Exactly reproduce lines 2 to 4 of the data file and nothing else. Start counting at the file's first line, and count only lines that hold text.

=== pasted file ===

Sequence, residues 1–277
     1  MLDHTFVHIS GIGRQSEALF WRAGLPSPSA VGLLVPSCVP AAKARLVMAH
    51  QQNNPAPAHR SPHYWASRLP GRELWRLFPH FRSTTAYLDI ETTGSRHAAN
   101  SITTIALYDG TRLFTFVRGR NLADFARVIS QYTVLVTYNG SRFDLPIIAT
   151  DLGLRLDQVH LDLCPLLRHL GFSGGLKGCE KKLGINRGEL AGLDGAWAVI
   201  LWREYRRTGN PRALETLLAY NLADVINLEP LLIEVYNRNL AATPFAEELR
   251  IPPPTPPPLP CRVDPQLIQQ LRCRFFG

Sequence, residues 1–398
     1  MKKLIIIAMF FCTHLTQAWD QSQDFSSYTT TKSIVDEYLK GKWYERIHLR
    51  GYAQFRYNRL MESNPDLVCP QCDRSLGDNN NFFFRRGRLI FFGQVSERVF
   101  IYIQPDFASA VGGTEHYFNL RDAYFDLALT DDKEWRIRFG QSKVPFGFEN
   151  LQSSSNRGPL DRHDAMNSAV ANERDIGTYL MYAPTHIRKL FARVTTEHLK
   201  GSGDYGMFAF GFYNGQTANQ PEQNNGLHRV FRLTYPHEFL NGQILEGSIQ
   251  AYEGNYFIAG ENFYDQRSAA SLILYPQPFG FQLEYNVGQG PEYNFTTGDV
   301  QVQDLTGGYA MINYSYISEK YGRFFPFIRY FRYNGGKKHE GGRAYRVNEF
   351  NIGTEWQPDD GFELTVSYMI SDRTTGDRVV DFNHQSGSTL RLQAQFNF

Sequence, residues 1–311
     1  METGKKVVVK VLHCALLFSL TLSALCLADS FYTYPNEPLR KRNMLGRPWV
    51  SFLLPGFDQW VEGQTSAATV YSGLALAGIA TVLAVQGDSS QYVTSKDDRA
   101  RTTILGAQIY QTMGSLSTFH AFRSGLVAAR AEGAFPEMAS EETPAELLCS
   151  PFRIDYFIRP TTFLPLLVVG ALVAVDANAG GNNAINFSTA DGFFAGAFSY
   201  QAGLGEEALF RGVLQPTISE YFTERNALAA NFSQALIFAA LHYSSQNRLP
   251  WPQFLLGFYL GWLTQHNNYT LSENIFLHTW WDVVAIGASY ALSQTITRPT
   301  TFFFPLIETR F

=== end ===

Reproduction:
     1  MLDHTFVHIS GIGRQSEALF WRAGLPSPSA VGLLVPSCVP AAKARLVMAH
    51  QQNNPAPAHR SPHYWASRLP GRELWRLFPH FRSTTAYLDI ETTGSRHAAN
   101  SITTIALYDG TRLFTFVRGR NLADFARVIS QYTVLVTYNG SRFDLPIIAT